Farmers define large areas of the Dordogne region

Farmers define large areas of the Dordogne region

DrThe FDSEA farmers of the Dordogne, the regional branch of the First Agricultural Union, invited themselves, on Thursday, February 1, to supermarkets in the La Cavaille district, in Bergerac, in search of imported products that would compete with French production.

DrThe FDSEA farmers of the Dordogne, the regional branch of the First Agricultural Union, invited themselves, on Thursday, February 1, to supermarkets in the La Cavaille district, in Bergerac, in search of imported products that would compete with French production.

The first stop was Leclerc, where they met the director to defend the “Made in France” cause. “He is making efforts to, for example, take beef from the Bergerac slaughterhouse,” admits President Marie Griffaton. It must be said that we banned him for two days in 2014, and we come to visit him regularly to keep the pressure on. Like what's the point…” They still find New Zealand lamb on sale and breaded chicken from Poland.

Farmers note the origin of the products in many Dordogne supermarkets, as here in front of Grand Frais in Bergerac.

Thomas Junco

For his part, the store manager confirms that the blockage of the roundabouts, which paralyzed the area, had a significant impact on attendance and traffic, reaching, for example, 30% on Wednesday, January 31 alone.

“It shocks me”

At the Grand Fries store in Bergerac, the discoveries were even more embarrassing. While many fruits and vegetables are of French origin, there were also artichokes from Egypt, beans from Kenya or Morocco, tomatoes from Tunisia, and cabbage from Spain and Italy. “In the middle of the cabbage season, almost nothing comes from France, which shocks me,” says one protester.

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Milk producers are also surprised to find bottles of fresh milk from Normandy priced at €2.59, when it is purchased for just 40 cents per liter from French breeders. The farmers emptied their boxes at the roundabout before leaving.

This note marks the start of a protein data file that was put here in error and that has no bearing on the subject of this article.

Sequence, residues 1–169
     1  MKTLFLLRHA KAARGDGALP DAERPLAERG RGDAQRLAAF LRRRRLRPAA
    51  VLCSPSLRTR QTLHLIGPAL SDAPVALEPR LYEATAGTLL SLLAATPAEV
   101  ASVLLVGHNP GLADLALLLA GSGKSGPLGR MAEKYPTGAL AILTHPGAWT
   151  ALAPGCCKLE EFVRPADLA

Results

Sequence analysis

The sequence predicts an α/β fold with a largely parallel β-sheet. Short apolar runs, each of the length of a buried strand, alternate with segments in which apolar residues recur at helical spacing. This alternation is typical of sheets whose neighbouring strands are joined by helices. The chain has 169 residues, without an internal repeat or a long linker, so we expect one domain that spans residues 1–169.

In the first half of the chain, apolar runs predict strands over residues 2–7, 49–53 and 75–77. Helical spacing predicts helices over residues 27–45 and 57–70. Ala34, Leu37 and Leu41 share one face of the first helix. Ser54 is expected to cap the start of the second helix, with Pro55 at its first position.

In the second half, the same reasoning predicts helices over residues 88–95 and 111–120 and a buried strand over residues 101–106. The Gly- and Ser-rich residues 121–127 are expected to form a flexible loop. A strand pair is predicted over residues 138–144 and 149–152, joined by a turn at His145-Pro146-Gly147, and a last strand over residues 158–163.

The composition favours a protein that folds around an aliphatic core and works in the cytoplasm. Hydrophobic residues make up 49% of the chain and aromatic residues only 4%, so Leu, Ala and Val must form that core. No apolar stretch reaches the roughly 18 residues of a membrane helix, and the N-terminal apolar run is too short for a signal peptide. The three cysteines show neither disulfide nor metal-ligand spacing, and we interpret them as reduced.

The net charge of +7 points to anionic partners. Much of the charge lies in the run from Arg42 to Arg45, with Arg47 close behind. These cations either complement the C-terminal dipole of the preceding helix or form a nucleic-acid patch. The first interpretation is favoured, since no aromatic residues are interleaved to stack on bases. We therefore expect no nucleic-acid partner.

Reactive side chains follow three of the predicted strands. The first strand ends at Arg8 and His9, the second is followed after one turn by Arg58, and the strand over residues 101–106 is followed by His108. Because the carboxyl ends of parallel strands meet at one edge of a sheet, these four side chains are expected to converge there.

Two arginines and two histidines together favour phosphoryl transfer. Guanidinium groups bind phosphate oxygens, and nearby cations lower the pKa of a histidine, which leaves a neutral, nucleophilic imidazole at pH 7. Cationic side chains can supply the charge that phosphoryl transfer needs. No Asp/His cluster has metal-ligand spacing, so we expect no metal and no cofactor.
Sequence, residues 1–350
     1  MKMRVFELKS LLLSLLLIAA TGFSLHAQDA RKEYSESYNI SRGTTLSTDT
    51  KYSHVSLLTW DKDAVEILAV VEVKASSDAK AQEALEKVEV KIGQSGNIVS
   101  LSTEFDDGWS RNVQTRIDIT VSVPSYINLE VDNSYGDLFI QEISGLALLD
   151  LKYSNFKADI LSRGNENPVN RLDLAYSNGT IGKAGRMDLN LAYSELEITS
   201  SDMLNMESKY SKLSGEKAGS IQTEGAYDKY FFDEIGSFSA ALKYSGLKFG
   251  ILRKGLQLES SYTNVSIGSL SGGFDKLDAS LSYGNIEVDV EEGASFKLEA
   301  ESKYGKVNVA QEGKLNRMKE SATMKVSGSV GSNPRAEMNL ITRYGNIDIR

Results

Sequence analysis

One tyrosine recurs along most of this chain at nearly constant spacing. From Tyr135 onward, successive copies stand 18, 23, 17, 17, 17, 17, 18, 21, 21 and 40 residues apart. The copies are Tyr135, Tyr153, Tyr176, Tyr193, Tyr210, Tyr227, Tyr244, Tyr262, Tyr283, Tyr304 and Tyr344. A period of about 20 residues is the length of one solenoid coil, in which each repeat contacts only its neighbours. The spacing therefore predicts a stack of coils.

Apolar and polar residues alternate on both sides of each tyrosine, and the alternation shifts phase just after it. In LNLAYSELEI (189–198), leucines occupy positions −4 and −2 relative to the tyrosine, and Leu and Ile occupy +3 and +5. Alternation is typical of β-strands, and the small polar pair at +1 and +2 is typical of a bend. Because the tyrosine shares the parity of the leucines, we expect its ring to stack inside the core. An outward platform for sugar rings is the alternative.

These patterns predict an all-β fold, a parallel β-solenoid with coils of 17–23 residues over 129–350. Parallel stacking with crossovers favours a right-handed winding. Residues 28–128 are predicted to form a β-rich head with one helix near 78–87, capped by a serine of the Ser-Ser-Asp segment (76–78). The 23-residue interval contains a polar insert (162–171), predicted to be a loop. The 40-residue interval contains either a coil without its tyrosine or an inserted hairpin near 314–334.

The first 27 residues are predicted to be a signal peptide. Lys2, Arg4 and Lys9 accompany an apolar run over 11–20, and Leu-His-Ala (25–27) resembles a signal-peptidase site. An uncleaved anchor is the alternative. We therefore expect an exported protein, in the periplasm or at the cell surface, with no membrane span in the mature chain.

Several entrances to the Auchan commercial area in Marsac-sur-Lille were closed.
Several entrances to the Auchan commercial area in Marsac-sur-Lille were closed.

Vincent Troche

Around Périgueux, the slogans were the same: target large and medium-sized stores one last time before breaking the blockade on the Pont du Cerf roundabout and the A89 road. Hands in our pockets, a merchant from the Auchan district, in Marsac-sur-l'Isle, looks approvingly at the farmers. Who block the first entrance, next to Cultura. “It took them a while to get here. The dice have been loaded, and they are in the hands of the big dealers.

“We will come back to see you”

The parking lot is full in Marsac and the exits are closed. The gas station roundabout bears the brunt of farmers' anger. A roundabout away, there is the agricultural machinery at Chancelade, in front of the Lidl store, where the access road is closed in turn. “We hope you will respect the Egalim law now,” Nicolas Lagarde, head of the FDSEA's livestock division, tells Thierry Vivant, trade director, who came to meet the protesters.

The manager, who “does not condone” littering, says he understands the farmers, but the selection of products on the shelves “is not the case.” [sa] Efficient.” “I know how to make it work,” he says, pointing to his store. On the same day, operators also targeted Promocash in Polazac-Ile-Manoir, where the manager opened his store’s doors to them. “We understand some things better, but no Harm from continuing to press,” defends Tom Fiat, from Jeunes Agriculturs.

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In front of Lidl, Nicolas Lagarde and Thierry Vivant parted ways by shaking hands. The first did not fail to add: “Today is beautiful, but if necessary, we will come back to see you, large and medium-sized stores.” »

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